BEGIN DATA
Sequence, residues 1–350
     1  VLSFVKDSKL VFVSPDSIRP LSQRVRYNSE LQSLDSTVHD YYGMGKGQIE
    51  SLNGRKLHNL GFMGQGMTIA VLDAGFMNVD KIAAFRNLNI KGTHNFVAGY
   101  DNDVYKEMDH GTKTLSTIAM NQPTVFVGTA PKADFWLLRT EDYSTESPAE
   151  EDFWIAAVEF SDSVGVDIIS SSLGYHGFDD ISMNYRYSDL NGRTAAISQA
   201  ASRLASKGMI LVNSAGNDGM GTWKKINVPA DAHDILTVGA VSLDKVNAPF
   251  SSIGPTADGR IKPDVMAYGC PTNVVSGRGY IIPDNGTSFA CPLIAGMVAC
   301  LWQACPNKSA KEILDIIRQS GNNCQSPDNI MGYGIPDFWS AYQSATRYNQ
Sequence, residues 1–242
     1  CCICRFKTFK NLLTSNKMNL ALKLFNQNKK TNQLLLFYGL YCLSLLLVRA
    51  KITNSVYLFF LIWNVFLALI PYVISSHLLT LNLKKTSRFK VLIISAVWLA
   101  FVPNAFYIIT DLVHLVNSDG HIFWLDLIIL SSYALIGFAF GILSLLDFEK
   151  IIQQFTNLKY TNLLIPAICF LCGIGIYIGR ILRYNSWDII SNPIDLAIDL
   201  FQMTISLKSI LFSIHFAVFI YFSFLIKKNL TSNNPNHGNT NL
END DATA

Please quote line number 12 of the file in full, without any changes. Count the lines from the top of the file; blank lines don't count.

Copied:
   101  FVPNAFYIIT DLVHLVNSDG HIFWLDLIIL SSYALIGFAF GILSLLDFEK